Vitruvius and the Domestic Fantasy World: Roman Wall Paintings in their Architectural Context

Anu Kaisa Koponen


The doctoral thesis, Vitruvius and the Domestic FantasyWorld: Roman Wall Paintings in their Architectural Context is a survey of the relationship between ancient Roman texts discussing wall paintings and actual visual evidence. In order to avoid the misleading chronological allusions of the four wall painting styles put forward by August Mau in 1882, this study defines diverse groups of wall painting using a division based on various imitations of architectural structures.

The study started in response to the notion that a huge contradiction occurs between ancient Roman textual evidence and the findings: remarks made on wall painting by the ancient authors are surprisingly few, and nearly all of these rare passages are critical of wall painting. Yet, the findings confirm that all Roman houses were richly decorated with wall paintings depicting colourful architectural and decorative elements.

The study suggests that the whole De architectura including the passages on wall painting belonged as a part to the Augustan cultural politics, whereas Roman domestic wall paintings visualize the private interests that contrast the public ideals and lack clear political messages. Vitruvius demands for naturalism, whereas Roman wall paintings are full of fantasy figures. The study suggests that Vitruvius’s condemnation of the current wall painting fashion was aimed at the decorative and religious influence from Egypt, which had been firmly integrated into the Roman culture during the Late Republic.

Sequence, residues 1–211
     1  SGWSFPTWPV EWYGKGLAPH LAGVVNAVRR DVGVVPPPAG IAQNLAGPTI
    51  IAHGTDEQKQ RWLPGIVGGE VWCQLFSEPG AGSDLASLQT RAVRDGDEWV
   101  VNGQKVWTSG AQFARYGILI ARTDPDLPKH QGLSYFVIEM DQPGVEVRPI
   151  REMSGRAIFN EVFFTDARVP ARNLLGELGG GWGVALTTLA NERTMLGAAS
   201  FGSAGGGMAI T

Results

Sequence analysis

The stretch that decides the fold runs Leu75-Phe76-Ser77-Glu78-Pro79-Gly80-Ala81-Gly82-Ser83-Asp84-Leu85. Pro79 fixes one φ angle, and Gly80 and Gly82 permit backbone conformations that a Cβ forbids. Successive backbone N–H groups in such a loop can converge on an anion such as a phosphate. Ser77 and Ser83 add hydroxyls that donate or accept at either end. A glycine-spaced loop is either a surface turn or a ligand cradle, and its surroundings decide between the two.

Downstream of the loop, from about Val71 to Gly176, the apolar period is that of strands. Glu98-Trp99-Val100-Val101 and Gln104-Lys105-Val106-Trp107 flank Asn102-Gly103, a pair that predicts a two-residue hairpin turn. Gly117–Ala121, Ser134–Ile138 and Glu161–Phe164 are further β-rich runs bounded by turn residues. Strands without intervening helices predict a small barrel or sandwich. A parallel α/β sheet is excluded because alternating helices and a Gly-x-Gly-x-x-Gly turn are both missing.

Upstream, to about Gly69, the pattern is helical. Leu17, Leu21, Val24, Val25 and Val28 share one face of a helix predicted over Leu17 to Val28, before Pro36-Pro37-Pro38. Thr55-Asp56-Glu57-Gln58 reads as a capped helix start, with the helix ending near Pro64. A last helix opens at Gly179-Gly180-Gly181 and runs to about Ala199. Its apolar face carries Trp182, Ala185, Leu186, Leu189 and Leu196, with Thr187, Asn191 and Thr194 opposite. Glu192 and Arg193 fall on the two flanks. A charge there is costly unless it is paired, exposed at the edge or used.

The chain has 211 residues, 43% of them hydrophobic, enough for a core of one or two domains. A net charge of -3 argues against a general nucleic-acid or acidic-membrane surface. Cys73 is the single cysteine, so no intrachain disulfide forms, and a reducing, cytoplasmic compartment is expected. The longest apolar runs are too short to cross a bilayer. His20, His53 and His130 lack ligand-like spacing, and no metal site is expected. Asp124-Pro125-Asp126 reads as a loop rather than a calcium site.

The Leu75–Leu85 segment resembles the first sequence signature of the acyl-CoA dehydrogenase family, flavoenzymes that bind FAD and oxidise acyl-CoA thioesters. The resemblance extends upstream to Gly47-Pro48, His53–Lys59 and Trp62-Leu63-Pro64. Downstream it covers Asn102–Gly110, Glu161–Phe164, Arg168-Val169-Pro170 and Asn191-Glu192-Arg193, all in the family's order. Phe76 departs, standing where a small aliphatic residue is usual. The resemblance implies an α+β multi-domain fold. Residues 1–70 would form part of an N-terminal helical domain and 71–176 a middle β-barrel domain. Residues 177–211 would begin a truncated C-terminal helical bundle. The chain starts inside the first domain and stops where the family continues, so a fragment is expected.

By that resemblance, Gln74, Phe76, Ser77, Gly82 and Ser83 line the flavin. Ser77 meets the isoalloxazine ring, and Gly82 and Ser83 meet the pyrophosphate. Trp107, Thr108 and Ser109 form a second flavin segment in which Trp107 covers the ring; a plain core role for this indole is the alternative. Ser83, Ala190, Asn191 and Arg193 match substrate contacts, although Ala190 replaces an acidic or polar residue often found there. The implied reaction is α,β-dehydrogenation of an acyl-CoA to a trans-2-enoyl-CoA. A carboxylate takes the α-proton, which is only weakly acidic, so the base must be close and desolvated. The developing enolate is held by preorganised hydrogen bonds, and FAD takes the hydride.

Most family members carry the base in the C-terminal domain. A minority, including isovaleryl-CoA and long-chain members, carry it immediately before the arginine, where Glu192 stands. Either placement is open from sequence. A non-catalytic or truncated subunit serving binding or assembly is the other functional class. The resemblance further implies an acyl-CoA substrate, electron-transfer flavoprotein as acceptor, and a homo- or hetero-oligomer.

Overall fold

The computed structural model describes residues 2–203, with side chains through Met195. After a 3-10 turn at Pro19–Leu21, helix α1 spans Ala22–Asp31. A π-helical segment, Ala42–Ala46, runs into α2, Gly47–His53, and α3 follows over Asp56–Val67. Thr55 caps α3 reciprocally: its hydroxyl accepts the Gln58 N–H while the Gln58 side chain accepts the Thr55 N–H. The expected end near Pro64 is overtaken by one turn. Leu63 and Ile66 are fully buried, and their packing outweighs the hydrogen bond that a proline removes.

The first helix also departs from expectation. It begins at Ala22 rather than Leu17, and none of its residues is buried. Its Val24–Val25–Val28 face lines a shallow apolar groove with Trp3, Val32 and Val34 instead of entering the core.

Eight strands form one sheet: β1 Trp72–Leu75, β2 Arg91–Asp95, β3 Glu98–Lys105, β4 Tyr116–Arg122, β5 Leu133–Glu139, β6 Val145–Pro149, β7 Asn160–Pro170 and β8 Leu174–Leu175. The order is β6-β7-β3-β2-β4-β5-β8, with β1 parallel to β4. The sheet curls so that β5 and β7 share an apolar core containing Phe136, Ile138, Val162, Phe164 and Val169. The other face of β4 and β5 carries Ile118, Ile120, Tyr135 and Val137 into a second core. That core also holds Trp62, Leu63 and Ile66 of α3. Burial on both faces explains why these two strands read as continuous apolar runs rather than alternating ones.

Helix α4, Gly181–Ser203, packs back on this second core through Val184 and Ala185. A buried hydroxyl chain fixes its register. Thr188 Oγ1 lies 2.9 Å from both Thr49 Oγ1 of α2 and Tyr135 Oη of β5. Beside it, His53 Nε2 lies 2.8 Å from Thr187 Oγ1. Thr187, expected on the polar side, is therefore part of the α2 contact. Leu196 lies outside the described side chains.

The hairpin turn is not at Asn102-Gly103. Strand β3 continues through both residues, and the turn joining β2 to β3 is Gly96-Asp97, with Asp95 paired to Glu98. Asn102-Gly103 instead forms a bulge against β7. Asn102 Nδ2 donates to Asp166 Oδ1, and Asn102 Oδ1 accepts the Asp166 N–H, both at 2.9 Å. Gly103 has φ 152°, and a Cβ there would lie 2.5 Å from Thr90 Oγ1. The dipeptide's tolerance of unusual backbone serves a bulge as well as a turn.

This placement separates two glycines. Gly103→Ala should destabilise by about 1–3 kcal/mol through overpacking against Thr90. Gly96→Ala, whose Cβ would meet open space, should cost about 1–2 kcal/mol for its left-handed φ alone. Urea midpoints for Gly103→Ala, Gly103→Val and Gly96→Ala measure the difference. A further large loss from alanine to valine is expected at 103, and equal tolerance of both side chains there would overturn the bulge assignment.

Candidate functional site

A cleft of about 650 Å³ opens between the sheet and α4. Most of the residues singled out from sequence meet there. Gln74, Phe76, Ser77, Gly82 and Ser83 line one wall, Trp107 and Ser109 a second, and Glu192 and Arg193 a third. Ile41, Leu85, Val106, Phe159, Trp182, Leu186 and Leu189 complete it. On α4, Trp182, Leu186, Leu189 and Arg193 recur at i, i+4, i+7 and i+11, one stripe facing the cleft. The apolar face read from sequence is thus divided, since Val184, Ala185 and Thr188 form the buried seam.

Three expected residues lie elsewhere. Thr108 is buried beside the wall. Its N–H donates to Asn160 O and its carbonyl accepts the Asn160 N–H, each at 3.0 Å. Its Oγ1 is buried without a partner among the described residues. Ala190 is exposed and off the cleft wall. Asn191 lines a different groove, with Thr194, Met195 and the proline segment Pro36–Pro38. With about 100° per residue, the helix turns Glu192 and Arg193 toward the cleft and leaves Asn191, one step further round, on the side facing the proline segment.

By analyzing wall paintings in their architectural context and in relation to Vitruvius’s De architectura, this study implies that not only materialistic values but also the private spiritual fantasies and religious interests became visualized in Roman domestic interiors. A fantasy world was created inside the Roman house. It blurred boundaries between the real and the unreal: a real garden was juxtaposed with a painted garden; a real door with a false door; the inhabitants themselves with images of gods. The Roman house expressed a tense network of diverse meanings offering a wide mental axis from the practical and traditional to the exotic and divine.

Koponen, A. K. “Vitruvius and the Domestic Fantasy World: Roman Wall Paintings in their Architectural Context”Doctoral dissertation, Studies in Architecture 2009/40. Espoo: Helsinki University of Technology.

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